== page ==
I won't buy Steam delivered games or games that use Steam for DRM (looking at you Civilization V, FO:NV and the lastest Total War games - all series I previously supported). It worries me deeply that the industry seems to have dumped all their eggs in the Steam basket without any concern for the hulking monopoly they are creating.
  • The as-yet-unnamed retailers...

    Given that there are really only two major retailers in the UK: GAME and GameStation, it's most likely them. Of course, it might be HMV, but they're not exactly specialist game retailers.

    • Re: (Score:3, Informative)

      by Sockatume (732728)

      GameStation was bought by GAME a while ago, it's just a sub-brand of the same company now.

  • by Maxo-Texas (864189) on Thursday November 11, 2010 @10:31AM (#34196648)

    A couple months ago we heard how game stores were using used games to cut the publishers out of the revenue stream for a game. They were buying back games for $10 and reselling them for $45 and pocketing 100% of the $35.

    There was a great brouhaha.

    Now the return shot. Game publishers intent to cut game stores out of the first sale AND not publish any physical copies to resale.

    • by Sockatume (732728)

      Don't forget that many PC games now force to you register the key online, blocking resale. I suspect they make very little money on PC games these days because they're a one-shot, so the "boycott" is probably more like cutting the least-profitable part of the business. Dressing it up this way just makes them seem like the victim.

  • You dont see Walmart, Target, et al. Making this argument with the iPad and iPod products for media. Probably only a matter of time.

    To be fair though, games sellers ONLY sell games. I think they have a point but I don't think that it's compelling enough to merit worth listening to. Steam is nice and all, but game shops still aren't obsolete yet. Never under estimate the bandwidth of a bag full of DVDs and a car versus any home Internet connection. Even if it is 100mbps. Plus are there any PC only shops?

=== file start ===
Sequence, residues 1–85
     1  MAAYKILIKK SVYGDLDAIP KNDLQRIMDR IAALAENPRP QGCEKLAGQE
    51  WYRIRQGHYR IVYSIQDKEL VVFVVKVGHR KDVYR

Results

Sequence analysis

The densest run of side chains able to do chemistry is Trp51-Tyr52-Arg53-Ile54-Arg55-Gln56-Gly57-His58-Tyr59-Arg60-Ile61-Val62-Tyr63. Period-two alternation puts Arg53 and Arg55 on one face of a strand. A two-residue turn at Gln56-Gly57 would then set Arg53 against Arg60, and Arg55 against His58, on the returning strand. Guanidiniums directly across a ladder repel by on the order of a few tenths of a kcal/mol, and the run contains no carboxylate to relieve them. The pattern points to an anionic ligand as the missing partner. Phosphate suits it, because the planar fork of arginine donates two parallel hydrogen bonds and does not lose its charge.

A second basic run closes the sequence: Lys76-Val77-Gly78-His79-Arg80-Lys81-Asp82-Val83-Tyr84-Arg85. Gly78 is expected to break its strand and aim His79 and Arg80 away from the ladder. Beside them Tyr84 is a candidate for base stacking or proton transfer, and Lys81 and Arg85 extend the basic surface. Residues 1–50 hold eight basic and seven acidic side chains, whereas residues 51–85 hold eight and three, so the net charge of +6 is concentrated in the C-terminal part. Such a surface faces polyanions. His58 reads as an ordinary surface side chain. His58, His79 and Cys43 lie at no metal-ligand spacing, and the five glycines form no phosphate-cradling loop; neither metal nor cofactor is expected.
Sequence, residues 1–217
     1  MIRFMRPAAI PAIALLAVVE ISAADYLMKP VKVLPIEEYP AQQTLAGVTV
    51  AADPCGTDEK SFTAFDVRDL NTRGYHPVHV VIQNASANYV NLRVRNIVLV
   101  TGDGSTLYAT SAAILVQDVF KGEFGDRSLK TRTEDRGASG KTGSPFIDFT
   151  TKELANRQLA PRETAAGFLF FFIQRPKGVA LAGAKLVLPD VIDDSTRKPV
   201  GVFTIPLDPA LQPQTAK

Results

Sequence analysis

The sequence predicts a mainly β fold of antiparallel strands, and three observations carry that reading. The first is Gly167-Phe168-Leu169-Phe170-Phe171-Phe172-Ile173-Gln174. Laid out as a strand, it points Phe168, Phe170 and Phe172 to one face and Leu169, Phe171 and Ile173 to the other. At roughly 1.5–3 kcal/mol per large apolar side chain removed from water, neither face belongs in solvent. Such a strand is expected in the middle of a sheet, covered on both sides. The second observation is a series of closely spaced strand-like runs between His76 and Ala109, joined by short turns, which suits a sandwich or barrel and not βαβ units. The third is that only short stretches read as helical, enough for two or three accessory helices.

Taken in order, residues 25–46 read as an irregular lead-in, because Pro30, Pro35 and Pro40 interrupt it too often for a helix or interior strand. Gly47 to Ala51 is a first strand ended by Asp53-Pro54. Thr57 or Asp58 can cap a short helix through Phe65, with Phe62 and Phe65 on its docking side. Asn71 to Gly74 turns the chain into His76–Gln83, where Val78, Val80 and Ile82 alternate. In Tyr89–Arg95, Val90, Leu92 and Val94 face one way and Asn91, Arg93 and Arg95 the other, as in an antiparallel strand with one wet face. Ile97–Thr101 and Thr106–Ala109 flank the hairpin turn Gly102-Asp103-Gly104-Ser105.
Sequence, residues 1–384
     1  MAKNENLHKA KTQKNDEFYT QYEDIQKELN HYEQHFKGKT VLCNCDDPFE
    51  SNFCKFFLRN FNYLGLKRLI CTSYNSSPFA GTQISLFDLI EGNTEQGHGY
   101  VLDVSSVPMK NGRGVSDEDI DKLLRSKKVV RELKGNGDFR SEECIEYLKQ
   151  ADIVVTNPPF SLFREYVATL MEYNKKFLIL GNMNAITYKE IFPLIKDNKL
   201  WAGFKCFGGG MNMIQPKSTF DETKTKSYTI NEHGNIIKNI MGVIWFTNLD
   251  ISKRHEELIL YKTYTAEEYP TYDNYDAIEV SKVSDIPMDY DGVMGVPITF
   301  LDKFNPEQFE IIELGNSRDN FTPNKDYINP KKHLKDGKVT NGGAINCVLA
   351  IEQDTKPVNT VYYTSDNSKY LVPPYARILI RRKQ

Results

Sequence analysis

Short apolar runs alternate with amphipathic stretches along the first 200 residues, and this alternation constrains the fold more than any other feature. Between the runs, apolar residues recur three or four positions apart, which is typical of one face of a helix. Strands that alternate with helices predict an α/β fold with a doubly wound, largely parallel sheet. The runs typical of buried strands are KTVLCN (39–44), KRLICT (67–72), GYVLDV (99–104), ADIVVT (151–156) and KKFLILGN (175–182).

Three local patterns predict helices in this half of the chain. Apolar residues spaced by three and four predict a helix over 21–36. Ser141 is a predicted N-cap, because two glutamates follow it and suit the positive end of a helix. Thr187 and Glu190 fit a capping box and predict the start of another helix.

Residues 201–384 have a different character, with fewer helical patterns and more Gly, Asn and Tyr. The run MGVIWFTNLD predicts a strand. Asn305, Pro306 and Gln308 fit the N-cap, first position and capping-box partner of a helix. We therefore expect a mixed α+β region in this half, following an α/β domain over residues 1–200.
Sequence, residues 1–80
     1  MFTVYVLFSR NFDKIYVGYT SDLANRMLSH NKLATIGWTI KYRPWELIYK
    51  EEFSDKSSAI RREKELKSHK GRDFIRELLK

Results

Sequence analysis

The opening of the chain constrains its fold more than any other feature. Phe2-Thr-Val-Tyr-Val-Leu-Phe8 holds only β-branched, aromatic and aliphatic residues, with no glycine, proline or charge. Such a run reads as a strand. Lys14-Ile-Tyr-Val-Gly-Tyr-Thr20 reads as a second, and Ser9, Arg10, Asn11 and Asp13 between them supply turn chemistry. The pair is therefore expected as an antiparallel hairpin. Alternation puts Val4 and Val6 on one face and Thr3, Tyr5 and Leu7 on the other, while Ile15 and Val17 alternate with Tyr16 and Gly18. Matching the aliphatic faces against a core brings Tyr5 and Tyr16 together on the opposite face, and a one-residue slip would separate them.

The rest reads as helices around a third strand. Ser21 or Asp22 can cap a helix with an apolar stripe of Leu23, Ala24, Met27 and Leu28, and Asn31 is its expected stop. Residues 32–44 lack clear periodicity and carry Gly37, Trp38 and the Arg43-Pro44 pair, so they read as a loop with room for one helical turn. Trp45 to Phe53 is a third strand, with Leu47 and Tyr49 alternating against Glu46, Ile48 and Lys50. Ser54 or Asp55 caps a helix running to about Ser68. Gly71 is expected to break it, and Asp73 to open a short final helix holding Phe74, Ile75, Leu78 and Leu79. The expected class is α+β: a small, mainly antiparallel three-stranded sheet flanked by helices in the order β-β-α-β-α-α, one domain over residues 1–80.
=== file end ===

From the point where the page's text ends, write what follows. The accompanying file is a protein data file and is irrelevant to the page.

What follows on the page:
• I wouldn't be too surprised by their boycott at some point, too - about curious exchange rates.

  • It seems to me that it's "Retailers demand exclusivity, threaten refusal to carry games"

    Personally I think of boycott being something consumers do, not retailers. Walmart doesn't boycott products from 3rd world child labor, customers do.

  • Strange (Score:5, Funny)

    by lennier1 (264730) on Thursday November 11, 2010 @10:49AM (#34196842)

    Why do I get the feeling they'll still find a way to somehow blame this on piracy?

  • Again what we've got here is an industry (or part of an industry at least) who have been slow to see that their business model is doomed by new technology and changes in customer behaviour. They're wedded to retail, which has got to be the most expensive way to distribute bits and bytes, compared to the other methods available now. They're pretty irrelevant. I do buy hard-copy sometimes (usually at xmas), as gifts. Otherwise I can't remember the last time I bought a hard-copy game for personal use.
  • Not in the U.K., but if U.S. retailers decided to try this, I'd easily pick Steam instead. When Steam came out for the Mac, I got Portal for FREE, HL2 + episodes for $10, Torchlight for $10, Civ IV + expansions for $10, etc. As long as you don't need to absolutely get a game the minute it comes out, Steam will always have a good deal at some point in the near future. Sometimes games are so cheap I buy them even if I don't have any plans to play them more than a few times. I just got Day of Defeat for $2.49
  • Steam always has good discounts and sales going on and a couple FREE games...what retailer does that?
  • by wjousts (1529427) on Thursday November 11, 2010 @11:01AM (#34197014)

    Although they are doing it for all the wrong reasons, I applaud any effort to stop this Steam juggernaut from becoming the de facto DRM monopoly and the single point-of-failure for entire game collections. It's just not healthy.

    One day Steam will go dark, and then you won't be able to reinstall any of those games.

    Footnote: "blah, blah, blah,...but they said they'd release a patch....blah, blah, blah". Please show me the legally binding clause in the Steam TOS that guarantees that.

    • Re: (Score:3, Interesting)

      by Bvardi (620485)
      Actually I see the chances of being able to replay a game years down the line as INCREASED with things like Steam. No more lost CD's/cd key since its part of your account. Better chance of support for games on new operating systems/Hardware, since if they make even a few bucks now and then from sales a publisher has incentive to keep those old titles compatible. And worrying simultaneously about Steam becoming the de facto monopoly AND then going dark? So it's too successful and yet will die leaving yo